• About me

    I’m Max Rashbrooke, and I’m an author, academic and journalist, working in Wellington, New Zealand, with a particular interest in economic inequality and democratic renewal. I also write arts profiles and review concerts and books.

    For publicity purposes, the following is my short bio:

    Max Rashbrooke is an author, journalist and academic. He is the author of Government for the Public Good: The Surprising Science of Large-Scale Collective Action, published by Bridget Williams Books (BWB) in September 2018. He is also the author of Wealth and New Zealand, and edited the best-selling Inequality: A New Zealand Crisis, republished in updated form in late 2018, also by BWB. He is a senior associate of the Institute for Governance and Policy Studies at Victoria University of Wellington, and as a journalist has written for outlets in Britain and New Zealand including the Guardian, the National Business Review and Metro. He has twice been the recipient of the Bruce Jesson Senior Journalism Award, and was a 2015 Winston Churchill Fellow.

     

    Contact details

    E:

    M: 022 694 0871

    T: Follow me on Twitter

    N: Sign-up to my mailing list

     

    Senior associate, IGPS

    I am a senior associate at the Institute for Governance and Policy Studies, in the School of Government at Victoria University, Wellington. Most of my research has focused on income and wealth inequality, and open government. Recent academic publications include:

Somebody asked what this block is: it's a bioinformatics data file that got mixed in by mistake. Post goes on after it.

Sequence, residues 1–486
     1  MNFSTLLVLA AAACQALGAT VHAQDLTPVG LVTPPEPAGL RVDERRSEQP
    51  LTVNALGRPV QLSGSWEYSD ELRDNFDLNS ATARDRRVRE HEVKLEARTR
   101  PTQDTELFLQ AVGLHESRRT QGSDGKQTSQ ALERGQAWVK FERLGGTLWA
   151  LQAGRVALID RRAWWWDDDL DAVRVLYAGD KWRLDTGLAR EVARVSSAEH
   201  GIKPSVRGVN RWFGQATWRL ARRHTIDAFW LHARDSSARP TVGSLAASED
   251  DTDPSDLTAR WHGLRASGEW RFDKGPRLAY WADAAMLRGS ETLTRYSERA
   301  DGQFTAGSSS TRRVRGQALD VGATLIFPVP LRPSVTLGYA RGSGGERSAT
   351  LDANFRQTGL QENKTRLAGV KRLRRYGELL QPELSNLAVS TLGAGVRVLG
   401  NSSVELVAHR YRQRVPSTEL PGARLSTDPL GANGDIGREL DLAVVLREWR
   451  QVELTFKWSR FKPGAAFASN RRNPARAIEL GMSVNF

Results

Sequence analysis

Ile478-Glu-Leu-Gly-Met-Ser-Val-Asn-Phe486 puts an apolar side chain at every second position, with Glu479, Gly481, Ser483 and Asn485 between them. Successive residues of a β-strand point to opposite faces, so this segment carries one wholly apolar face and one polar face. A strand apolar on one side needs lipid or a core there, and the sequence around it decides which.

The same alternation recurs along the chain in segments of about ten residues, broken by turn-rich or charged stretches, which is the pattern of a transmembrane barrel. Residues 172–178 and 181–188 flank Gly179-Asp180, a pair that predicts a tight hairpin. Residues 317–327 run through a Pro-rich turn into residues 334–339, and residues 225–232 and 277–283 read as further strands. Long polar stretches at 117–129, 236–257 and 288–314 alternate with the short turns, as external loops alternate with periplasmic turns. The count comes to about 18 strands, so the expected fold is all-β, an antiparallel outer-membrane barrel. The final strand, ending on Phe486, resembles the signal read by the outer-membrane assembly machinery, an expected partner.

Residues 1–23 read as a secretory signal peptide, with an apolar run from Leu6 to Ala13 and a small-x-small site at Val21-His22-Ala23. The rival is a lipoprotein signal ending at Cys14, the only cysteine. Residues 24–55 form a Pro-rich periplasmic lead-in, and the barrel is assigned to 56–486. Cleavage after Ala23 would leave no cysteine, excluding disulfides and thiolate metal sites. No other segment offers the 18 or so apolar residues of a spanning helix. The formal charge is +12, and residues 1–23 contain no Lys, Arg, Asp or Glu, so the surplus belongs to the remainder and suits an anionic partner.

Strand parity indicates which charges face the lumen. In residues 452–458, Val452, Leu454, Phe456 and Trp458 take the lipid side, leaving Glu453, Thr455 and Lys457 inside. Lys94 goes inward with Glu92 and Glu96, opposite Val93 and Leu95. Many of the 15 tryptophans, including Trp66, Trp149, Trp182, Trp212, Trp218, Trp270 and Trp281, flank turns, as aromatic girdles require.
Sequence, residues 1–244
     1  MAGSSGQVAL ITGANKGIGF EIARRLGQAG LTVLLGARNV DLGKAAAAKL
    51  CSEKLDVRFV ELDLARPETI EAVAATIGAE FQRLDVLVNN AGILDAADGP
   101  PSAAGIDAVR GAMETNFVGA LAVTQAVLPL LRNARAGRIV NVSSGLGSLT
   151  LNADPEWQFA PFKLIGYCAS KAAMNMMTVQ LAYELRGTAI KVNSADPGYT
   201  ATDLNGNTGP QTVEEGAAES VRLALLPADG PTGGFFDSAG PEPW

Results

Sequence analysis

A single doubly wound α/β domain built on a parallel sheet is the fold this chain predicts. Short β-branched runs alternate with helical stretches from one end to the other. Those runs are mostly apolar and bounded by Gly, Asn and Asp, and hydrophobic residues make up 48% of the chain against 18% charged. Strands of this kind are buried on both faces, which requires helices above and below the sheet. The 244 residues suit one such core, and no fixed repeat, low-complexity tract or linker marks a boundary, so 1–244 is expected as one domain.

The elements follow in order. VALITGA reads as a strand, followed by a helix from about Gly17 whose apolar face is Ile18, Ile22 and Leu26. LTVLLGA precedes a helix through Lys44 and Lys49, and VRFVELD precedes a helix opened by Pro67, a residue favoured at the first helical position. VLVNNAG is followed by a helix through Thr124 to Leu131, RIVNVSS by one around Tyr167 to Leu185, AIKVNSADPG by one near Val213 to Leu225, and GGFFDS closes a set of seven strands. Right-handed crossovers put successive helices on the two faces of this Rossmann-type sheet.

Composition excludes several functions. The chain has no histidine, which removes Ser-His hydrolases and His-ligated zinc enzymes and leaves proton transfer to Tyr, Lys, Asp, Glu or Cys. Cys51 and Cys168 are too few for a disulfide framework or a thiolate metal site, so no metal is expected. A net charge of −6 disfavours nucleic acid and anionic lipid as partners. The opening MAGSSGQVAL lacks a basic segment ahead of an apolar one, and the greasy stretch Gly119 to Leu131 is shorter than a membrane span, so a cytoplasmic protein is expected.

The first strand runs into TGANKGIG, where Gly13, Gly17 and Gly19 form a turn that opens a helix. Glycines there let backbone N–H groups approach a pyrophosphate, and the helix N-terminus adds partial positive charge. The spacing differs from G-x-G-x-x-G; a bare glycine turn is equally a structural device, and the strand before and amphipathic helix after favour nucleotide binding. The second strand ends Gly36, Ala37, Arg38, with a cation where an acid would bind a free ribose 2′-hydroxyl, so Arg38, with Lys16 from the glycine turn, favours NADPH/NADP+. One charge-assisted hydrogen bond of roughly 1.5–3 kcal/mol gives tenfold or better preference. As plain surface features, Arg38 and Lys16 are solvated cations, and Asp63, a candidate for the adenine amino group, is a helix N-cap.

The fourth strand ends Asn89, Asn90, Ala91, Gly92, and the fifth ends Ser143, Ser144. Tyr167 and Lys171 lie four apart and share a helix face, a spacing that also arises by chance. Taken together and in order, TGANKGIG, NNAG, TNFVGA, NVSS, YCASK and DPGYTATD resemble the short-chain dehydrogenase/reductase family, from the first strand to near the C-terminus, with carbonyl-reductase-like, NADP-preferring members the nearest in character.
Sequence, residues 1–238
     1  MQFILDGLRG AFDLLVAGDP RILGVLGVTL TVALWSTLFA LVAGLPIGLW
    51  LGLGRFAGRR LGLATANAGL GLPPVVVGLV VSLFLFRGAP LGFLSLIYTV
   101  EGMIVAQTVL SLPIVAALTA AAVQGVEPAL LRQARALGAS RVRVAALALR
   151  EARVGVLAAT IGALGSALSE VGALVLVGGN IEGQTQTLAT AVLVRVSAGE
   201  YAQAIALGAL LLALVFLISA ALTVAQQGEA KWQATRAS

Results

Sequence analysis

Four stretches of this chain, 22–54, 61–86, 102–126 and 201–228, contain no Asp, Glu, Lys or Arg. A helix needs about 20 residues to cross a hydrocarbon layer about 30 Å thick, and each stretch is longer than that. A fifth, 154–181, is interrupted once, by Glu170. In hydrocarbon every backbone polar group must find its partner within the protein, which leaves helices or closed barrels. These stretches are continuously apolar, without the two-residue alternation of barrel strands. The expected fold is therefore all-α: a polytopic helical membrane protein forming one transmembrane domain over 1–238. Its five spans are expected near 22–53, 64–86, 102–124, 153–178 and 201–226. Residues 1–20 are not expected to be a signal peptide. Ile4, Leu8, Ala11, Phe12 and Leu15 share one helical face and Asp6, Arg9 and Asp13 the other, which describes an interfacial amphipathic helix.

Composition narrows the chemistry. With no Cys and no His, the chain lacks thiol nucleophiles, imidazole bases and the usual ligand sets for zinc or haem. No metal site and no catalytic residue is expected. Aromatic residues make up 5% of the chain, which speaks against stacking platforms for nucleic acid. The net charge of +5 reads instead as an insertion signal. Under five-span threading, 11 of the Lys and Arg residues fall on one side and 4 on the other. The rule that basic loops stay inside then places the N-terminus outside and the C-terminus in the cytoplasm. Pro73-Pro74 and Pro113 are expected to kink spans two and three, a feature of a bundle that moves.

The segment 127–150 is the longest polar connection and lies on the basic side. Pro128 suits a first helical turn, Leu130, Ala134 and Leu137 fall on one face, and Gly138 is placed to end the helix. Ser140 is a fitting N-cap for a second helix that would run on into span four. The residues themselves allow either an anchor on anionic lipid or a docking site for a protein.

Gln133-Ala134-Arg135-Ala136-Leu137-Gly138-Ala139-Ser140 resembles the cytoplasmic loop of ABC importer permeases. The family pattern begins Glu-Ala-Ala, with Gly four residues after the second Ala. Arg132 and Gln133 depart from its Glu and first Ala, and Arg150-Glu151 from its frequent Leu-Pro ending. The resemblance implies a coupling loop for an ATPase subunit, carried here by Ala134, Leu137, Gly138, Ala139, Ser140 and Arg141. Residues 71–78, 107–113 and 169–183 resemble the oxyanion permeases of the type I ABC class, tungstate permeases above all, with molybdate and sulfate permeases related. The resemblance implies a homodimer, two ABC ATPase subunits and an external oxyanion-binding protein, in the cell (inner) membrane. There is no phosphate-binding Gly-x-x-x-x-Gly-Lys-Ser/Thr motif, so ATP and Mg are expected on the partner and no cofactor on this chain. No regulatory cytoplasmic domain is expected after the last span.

Renewal of government

    My most recent publication is Government for the Public Good: The Surprising Science of Large-Scale Collective Action, published by Bridget Williams Books (BWB) in September 2018. Details about it can be found here.

     

    Economic inequality

    I have edited a major work, Inequality: A New Zealand Crisispublished by Bridget Williams Books (BWB) in 2013 and shortly to be republished in updated form in late 2018. I have also written The Inequality Debate: an Introduction (2014) and Wealth and New Zealand (2015). The three books have generated widespread media coverage and helped foster a rapidly growing conversation about income inequality. I also maintain a resource site about inequality in New Zealand and write on the issue at The Good Society. Elsewhere I helped develop the highly popular Inequality Calculator, which allows individuals to see exactly where they stand on the income ladder relative to other New Zealanders. I was also the recipient of a 2015 Winston Churchill Fellowship to examine the UK debates around poverty and inequality. More details of my work on inequality can be found here.